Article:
Process of phagocytosis
1) Chemotaxis-directed migration (phagocytes to microbe via chemical attractants)
2) Attachment-mediated by antibodies
3) Ingestion-pseudopodia surrounds microbe (endocytosis). Forms PHAGOSOME
4) Digestion-phagosome fuses with lysosome = PHAGOLYSOSOME
5) Elimination-done by exocytosis. Remaining bits may remain to help immune system.
What is the purpose of adaptive immune response?
1) differentiate between 'self' and 'non-self'
2) distroy or disable non-self
What are characteristics of an adaptive immune system
1) specific: recognizes 'non-self' (T-cells)
2) self-tolerant: unresponsive to self
3) Memory: rapid response to second exposure
Hymoral antibody response
Formation of specific circulating antibody that tags microbes. Acts as extracellular antigen (most bacteria)
recognize and attack:
*intracellular pathogens (viruses)
*Abnormal host cells (cancer)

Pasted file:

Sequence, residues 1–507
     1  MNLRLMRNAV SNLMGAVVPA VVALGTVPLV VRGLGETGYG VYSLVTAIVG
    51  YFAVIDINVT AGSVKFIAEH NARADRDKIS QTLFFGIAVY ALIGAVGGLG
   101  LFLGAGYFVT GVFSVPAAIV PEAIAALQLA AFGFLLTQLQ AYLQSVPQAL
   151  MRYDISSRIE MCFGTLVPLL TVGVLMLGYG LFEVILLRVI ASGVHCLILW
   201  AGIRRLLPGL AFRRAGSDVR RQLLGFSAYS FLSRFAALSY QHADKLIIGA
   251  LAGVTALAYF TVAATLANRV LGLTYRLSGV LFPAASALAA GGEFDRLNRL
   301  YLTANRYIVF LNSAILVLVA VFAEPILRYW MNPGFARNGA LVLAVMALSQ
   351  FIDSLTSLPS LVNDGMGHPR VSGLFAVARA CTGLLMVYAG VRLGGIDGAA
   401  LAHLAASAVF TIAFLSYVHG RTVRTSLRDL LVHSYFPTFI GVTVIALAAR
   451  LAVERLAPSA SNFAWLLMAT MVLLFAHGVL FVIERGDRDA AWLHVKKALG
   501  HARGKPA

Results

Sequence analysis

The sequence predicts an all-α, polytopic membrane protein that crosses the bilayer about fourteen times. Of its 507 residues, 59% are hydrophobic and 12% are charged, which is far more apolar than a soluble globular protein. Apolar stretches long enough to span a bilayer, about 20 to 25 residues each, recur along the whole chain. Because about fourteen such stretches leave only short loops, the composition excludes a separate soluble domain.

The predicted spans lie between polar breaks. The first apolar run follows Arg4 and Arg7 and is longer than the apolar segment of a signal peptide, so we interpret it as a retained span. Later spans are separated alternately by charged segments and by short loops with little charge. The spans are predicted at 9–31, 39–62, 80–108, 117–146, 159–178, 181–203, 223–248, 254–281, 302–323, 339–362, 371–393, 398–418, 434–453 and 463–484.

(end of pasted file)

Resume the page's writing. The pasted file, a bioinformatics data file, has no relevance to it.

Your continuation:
What are the 3 types of T cells?
Cytotoxic - act against intracellular pathogens (effector cells)
Helper - regulate B cells and cytotoxic cells, secrete cytokines (communication method)
Suppressor T cells - repress immune response
Viruses depend on hosts for
protein synthesis and nucleic acid production. They cannot replicate on their own.
Virus particles are composed of:
a) Genome (DNA or RNA)
b) Capsid (protein coat)
c) Envelope (may or may not have one)
Small amount of Viral genetic material codes for:
Structural proteins (for capsid or envelop)
Enzymes (genome replication or infective process)
Common capsid shapes are
-Polyhedral (20 triangles - herpes virus)
-Helical (hollow cylindrical rod - rabies)
-Complex (T4 bacteriophage)
-phospholipic membrane taken from host cell's plasma membrane or nuclear membrane
-altered by addition of viral glyoprotein spikes, knobs, fibres that allow the cell to bind to host cell receptors
-Eveloped viruses are more susceptible to antimicrobial chemicals than 'naked' viruses (envelopes are antimicrobial targets, can't live w/e envelope)
Viral subgroups are based on:
-presence of envelope (unenveloped=non-lipid, naked; enveloped=lipid virus)
-type of genetic material
Virus Replication Cycle: